Grand jury releases spring report

Published 5:40 pm Wednesday, February 20, 2019

LaFAYETTE — The Chambers County Grand Jury released a report Monday announcing there will be 428 indictments handed down for the spring of 2019.

In a letter to Judge Isaac Whorton, the grand jury said there should be more funds to feed prisoners at the Chambers County Jail, it was disappointed in the Valley Police Department about how it handled a case and that the staff at the Chambers County Circuit Clerk’s Office was rude, uncooperative, unorganized and unprofessional.

Chambers County Circuit Clerk Lisa Burdette said Wednesday she has addressed the issue with her staff and measures have been taken to ensure it doesn’t happen again. However, she said she was shocked when she saw her office mentioned in such in a way in the report.

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“It is not something that should have happened if it did happen,” she said. “I was not told anything specific. What is written in the report is what I was told.”

She said her office had “very little” interaction with the grand jury. According to Burdette, her office checks in the grand jury, facilitates the picking of the panel and then they are turned over to the district attorney’s office.

Typically, Burdette said her office has the most interaction with a grand jury when they do a tour of the Chambers County Courthouse, but the report says the jury did not do a tour this session.

“The Grand Jury did not conduct a physical inspection of the Chambers County Courthouse,” the report said. “The Grand Jury wishes to express their appreciation to Circuit Clerk Lisa Burdette, however, wishes to inform her that numerous grand jury members found her staff to be rude, uncooperative, unorganized and unprofessional.”

Burdette said Wednesday that’s why she was so blindsided by the report.

“My office would have had little interaction with them,” she said.

In the future, Burdette said she wants the public, or anyone, to come directly to her if there is a problem in the office so that it can be addressed right away.

“Let’s figure out a way to solve it rather than everybody going away mad,” she said.

“We are here to the serve the public, and that is what we will do the best of my ability.”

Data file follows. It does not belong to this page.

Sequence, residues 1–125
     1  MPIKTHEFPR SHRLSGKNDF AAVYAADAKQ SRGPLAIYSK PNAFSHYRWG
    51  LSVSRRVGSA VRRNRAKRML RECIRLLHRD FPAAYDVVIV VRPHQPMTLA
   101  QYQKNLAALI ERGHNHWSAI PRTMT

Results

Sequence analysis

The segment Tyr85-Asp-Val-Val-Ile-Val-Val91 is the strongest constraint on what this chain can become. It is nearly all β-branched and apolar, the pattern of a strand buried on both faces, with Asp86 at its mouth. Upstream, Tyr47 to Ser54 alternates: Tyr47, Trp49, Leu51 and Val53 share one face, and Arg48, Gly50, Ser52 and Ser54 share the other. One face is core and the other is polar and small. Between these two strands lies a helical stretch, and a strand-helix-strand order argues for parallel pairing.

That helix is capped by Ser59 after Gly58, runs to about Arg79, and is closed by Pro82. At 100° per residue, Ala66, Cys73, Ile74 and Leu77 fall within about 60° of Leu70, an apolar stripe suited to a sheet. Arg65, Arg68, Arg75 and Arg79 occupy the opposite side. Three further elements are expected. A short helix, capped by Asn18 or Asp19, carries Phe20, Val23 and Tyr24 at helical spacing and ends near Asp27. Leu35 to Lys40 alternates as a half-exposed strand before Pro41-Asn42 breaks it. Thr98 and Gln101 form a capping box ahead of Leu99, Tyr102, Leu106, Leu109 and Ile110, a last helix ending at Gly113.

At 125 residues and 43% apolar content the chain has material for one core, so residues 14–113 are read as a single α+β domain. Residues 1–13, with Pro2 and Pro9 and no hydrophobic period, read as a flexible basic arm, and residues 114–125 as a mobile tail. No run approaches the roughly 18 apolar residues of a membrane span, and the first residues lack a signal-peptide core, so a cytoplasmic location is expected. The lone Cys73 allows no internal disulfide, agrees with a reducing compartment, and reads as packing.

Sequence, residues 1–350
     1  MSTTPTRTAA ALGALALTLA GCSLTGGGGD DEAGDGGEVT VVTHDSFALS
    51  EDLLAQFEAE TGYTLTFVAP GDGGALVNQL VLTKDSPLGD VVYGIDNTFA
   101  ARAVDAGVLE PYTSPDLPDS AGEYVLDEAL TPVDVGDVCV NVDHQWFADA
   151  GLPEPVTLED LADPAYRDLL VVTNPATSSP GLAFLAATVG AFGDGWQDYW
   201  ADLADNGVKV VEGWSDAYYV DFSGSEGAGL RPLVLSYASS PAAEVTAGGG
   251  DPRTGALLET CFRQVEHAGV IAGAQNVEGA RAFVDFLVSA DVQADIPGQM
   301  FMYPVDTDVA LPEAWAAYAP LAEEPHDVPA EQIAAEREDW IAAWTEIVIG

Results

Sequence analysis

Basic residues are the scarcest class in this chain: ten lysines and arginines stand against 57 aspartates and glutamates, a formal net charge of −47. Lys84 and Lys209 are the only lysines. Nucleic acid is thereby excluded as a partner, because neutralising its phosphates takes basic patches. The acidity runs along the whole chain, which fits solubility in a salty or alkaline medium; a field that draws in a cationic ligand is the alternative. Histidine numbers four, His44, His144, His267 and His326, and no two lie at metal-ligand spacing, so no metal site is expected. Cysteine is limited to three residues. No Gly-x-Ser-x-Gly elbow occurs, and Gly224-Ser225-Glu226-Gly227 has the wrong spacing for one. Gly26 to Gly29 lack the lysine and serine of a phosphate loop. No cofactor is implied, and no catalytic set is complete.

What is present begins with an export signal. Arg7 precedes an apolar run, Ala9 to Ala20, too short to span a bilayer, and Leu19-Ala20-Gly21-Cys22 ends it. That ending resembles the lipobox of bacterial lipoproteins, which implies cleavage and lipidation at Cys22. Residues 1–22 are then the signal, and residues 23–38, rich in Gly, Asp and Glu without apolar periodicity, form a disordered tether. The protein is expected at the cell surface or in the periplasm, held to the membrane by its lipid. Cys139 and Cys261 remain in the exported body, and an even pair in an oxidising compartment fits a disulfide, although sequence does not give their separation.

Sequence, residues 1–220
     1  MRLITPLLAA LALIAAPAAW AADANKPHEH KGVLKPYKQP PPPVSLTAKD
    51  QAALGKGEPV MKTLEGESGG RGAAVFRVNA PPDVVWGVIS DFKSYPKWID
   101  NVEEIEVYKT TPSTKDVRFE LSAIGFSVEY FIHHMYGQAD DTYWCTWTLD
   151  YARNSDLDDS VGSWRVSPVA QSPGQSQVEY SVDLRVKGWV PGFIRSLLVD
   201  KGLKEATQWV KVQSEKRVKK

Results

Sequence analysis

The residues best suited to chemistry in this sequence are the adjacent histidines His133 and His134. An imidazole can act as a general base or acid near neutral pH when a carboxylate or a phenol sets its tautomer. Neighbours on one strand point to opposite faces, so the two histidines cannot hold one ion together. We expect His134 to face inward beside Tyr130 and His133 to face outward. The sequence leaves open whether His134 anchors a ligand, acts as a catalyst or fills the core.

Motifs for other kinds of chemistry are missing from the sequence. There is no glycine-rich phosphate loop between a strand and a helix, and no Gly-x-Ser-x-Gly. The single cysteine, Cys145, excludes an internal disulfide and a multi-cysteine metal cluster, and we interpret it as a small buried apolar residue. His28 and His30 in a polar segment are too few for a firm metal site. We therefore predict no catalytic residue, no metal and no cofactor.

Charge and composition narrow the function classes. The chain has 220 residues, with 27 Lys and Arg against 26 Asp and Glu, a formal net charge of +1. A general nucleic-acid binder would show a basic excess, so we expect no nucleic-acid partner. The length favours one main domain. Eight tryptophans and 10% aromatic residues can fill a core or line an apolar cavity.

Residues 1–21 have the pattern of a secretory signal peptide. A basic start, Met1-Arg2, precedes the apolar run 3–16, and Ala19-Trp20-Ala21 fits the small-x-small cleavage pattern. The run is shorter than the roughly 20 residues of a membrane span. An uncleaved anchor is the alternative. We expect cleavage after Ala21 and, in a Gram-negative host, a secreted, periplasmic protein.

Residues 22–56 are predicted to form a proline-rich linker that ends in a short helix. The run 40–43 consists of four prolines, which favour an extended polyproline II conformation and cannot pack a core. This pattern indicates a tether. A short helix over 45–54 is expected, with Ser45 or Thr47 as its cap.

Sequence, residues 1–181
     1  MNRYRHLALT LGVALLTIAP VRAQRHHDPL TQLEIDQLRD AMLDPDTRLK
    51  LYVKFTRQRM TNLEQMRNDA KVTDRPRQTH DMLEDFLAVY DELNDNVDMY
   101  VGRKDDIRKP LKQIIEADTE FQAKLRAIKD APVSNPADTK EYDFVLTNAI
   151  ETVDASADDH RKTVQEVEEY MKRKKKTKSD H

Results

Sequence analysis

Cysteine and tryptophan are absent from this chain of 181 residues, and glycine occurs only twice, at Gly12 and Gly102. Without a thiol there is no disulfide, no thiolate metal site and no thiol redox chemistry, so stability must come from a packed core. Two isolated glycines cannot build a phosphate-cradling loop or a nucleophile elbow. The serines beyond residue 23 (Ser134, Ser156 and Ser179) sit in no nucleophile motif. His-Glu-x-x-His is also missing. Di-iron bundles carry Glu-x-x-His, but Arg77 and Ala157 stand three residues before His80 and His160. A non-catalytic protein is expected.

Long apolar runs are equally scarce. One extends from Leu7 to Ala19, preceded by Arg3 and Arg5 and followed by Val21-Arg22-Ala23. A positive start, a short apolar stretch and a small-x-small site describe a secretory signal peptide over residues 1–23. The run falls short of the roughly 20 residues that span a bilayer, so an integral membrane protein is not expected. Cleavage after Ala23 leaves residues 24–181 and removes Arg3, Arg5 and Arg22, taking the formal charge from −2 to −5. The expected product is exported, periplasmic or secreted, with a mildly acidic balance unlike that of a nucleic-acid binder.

Although the grand jury named the Valley Police Department and expressed disappointment for the way it handled a case, it was unclear which case it was referring to.

The jury also recommended that its pay for the day be increased to $20 for service and more comfortable chairs that are “conducive with a professional working environment.”

The jury also noted the building could use improvements in overall housekeeping and maintenance of the interior and exterior of the building.

Feeding inmates

Although the grand jury didn’t inspect the courthouse, the report said it did do a physical inspection of the Chambers County Detention Facility.

The report says the jury commends Chambers County Sheriff Sid Lockhart and his staff how the jail was operated and maintained.

“We found the staff to be knowledgeable and efficient,” the report said.

“The Grand Jury wishes to recognize Sheriff Lockhart in the planning for additional improvements to the current jail as well as the expansion of the current facility.”

One note the grand jury did make about the jail operation was that the county should provide more funds to the sheriff’s office to feed prisoners. The jury suggested there should be a budget of $3.50 per inmate, per day.

Other departments

The jury wished to commend District Attorney Jeremy Duerr and Assistant District Attorney Robert Treese for the way the jury docket was prepared and expressed its appreciation to the officers from all police departments in the area for their presentation in cases presented.  Lastly, the jury recommended the creation of a countywide child abuse protocol.

“This protocol will include a formal monthly meeting to be attended by a member of each law enforcement agency, Child Advocacy, D.A office as well as the Department of Human Resources,” the report said. “This monthly meeting will be to discuss all new (and) current case statuses.”

The report said the protocol would also include an investigation outline for crimes against children as well as mandatory interviews of all children 17 years of age and under who are victims of crimes.